This 1961 Jaguar E-type 3.8 ‘flat-floor’ Roadster was the top lot at this week’s 148-strong H&H Classics sale at The Pavilion Gardens in Buxton, Derbyshire.
A particularly early example – indeed, the 290th right-hand-drive roadster to be built – it had been in the vendor’s family since 1992 and was sold to an online bidder for £115,000, undercutting its lower pre-sale estimate by £15k.
Finished in Carmen Red E-type with a red-leather trimmed cabin, the E-type is a matching-numbers car that has been restored over a 10-year period, but could benefit from a little TLC.
It was sold with a Jaguar Heritage certificate, photographs of its restoration, an original E-type service manual and operating handbook, and large wedge of invoices, tax discs and old MoTs; its original welded in, louvered bonnet was also included.
However, if you really wanted more of a project, there were a number of Jaguars to choose from. How about a 1956 XK140 Fixed Head Coupé – well, a rolling chassis, partial body and engine – which sold for around £13k? A XK150 in need of love failed to sell, while bidding reached over £47k for the refurbished chassis, new body and freshly overhauled engine of a 1955 XK140.
One car – perhaps unsurprisingly – that beat its £8-10,000 pre-sale estimate to sell for a touch under £13,000 was this 1989 Mini Thirty (above), one of just 2000 Cherry Red examples built to celebrate the model’s 30th birthday.
And as if that wasn’t enough, it’d had just one lady owner, been garaged and covered a mere 4000 miles in its 29 years.
As well as being sold with its original sale agreement and V5, book pack, keys, number plates, supplier sticker and tax-disc holder, its new owner also got a Mini Thirty brochure and price list.
In fact, it was one of several Minis to cross the block. A 1966 Morris Mini Minor also beat its pre-sale estimate and went for £6300, while selling for less than half that was a 60,000-mile 1977 Leyland Mini 1000.
Among the older cars to sell was a 1926 Rolls-Royce 20hp Tourer, with coachwork by Hooper, pictured above, which smashed its pre-sale estimate to fetch £49,450.
It’s a car with a fascinating and well-documented history, after being ordered new by then the richest man in Penang, in what is now Malaysia, Chung Thye Phin. Hooper took delivery on 1 February 1926 and the Rolls received a four-door, dual-cowl Tourer body, as well as uprated suspension with heavier duty leaf springs, before being loaded on to the SS Benalden on 26 May, bound for Penang.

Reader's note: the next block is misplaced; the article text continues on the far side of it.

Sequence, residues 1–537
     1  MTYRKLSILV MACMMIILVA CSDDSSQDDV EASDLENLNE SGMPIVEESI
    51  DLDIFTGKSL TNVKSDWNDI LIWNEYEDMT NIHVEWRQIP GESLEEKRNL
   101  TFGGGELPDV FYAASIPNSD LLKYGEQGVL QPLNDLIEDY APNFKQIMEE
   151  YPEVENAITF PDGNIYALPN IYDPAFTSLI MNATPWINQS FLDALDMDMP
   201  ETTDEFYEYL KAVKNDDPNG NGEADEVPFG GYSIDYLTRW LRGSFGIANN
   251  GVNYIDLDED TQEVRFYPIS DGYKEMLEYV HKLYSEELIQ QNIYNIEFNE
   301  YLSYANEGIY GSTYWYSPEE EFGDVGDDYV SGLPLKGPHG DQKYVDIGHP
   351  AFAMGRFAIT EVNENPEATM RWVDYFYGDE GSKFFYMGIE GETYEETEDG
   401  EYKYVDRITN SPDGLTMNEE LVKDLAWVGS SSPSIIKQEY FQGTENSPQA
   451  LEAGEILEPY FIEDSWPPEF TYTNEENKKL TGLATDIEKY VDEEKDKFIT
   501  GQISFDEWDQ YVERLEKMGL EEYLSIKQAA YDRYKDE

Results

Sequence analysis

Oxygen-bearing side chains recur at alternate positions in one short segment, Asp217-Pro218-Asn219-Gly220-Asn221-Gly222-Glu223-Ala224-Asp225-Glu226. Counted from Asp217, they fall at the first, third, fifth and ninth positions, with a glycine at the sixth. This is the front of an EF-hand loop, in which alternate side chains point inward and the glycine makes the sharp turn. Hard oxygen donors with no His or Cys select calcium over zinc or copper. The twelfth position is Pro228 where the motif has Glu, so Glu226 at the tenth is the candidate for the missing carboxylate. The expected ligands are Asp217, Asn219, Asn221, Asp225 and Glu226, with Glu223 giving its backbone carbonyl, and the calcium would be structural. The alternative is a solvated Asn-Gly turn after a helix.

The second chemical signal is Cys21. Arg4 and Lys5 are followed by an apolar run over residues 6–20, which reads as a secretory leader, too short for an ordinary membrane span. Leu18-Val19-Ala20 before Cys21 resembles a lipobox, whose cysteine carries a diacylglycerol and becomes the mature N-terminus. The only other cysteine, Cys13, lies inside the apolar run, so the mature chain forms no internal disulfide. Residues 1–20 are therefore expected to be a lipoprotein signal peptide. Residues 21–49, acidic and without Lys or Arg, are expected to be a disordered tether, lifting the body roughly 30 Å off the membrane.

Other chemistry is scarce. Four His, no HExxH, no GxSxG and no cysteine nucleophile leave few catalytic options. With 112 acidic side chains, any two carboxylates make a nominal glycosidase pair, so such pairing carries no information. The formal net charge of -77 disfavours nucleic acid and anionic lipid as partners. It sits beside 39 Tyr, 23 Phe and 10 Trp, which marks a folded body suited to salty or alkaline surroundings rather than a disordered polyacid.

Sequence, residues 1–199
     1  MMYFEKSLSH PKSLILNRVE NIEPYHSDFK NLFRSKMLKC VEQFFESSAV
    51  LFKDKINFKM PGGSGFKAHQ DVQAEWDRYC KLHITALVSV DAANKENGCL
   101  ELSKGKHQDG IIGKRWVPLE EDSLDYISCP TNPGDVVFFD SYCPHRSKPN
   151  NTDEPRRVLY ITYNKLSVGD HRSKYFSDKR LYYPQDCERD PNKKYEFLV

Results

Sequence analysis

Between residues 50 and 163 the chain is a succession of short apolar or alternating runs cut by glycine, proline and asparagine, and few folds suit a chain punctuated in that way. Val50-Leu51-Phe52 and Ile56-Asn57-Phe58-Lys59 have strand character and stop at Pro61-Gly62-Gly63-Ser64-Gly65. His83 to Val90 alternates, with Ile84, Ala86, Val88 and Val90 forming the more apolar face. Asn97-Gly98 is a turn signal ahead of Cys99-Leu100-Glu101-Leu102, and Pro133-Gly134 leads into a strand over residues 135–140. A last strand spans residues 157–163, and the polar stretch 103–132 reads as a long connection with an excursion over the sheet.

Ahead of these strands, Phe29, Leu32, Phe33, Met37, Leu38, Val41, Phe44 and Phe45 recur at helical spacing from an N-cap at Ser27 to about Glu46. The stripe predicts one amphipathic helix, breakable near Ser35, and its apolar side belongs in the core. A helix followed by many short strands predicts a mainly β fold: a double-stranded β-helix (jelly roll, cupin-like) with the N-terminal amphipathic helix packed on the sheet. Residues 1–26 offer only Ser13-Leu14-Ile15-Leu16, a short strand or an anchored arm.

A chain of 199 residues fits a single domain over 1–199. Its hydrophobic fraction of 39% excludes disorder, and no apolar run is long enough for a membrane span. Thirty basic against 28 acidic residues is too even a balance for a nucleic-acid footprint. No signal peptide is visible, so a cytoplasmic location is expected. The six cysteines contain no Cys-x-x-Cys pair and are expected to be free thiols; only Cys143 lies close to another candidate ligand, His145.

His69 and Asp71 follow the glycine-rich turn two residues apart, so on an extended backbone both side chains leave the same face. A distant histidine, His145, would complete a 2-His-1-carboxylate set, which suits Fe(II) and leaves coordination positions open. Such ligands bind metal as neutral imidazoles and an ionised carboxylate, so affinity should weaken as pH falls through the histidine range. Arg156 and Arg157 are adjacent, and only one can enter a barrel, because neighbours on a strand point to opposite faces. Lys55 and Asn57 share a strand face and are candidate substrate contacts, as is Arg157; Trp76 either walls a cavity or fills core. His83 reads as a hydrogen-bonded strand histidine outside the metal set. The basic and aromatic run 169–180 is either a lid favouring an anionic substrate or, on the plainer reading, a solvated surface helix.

It’s thought it was loaned to the Duke of Gloucester when he was visiting in the late ’20s and was used by both Japanese and British troops in WW2.
The next owner was Henry Stonor, a British expat, who brought it back to the UK – where it benefited from some TLC from Rolls-Royce – before it was shipped back to the Far East on the SS Ulysses in 1952.
Stonor made great use of it. As a founding member of the Vintage Car Club of Malaya, he took it to second behind a Bentley Speed Six at the November 1953 Malacca Speed Trials and second behind an Alvis Silver Eagle at the July 1954 Sungei Way Sprint. He then tasted victory in the October 1954 Rally of Malaya, during which he covered 320 miles of largely unmade roads in nine hours, and the car was also a class winner on the Seremban Sprint in July ’58.
The Rolls also featured in the 1960 documentary film The oil that grows on trees and transported HRH Prince Richard of Gloucester around Malaya in January 1963, later achieving a third-place finish in the support race to the 1967 Malaysian Grand Prix. It then returned to the UK – again!
It may’ve been repainted, rewired and retrimmed several times, but it’s easy to see why this story charmed bidders.
Other interesting earlier entries at the sale included a 1938 Austin 12/4 Heavy Pick-up which sold for just shy of £17k, and a 1927 Willys Overland Whippet Saloon which changed hands for a little over £5000.
There was also a unique car on the lot list that certainly divides opinion – check out the 1983 Bentley Mulsanne Turbo Shooting Brake above, with coachwork by Coway Ltd of West Horton, Lancashire.
Finished in Mustard over Claret, it might not be to everyone’s tastes, but there was a round of applause as a bidder in the room beat phone and online rivals to secure the car, which was offered with no reserve, for £35,650.
It really is quite a thing and comes with a pull-out awning, colour-coded umbrellas, sat-nav and a drinks refrigerator.
Turning heads for rather different reasons was a 1962 Heinkel Trojan 200, which went for £9000.
The auction, which took place on Wednesday (28 November), was a successful one: sales totalled £1.3m and 77% of lots changed hands. A few unsold vehicles did catch our eyes, however. How about a 1981 Fiat X1/9, a 1990 Mercedes-Benz 500SEC or a Sorrento Green Peugeot 205GTI?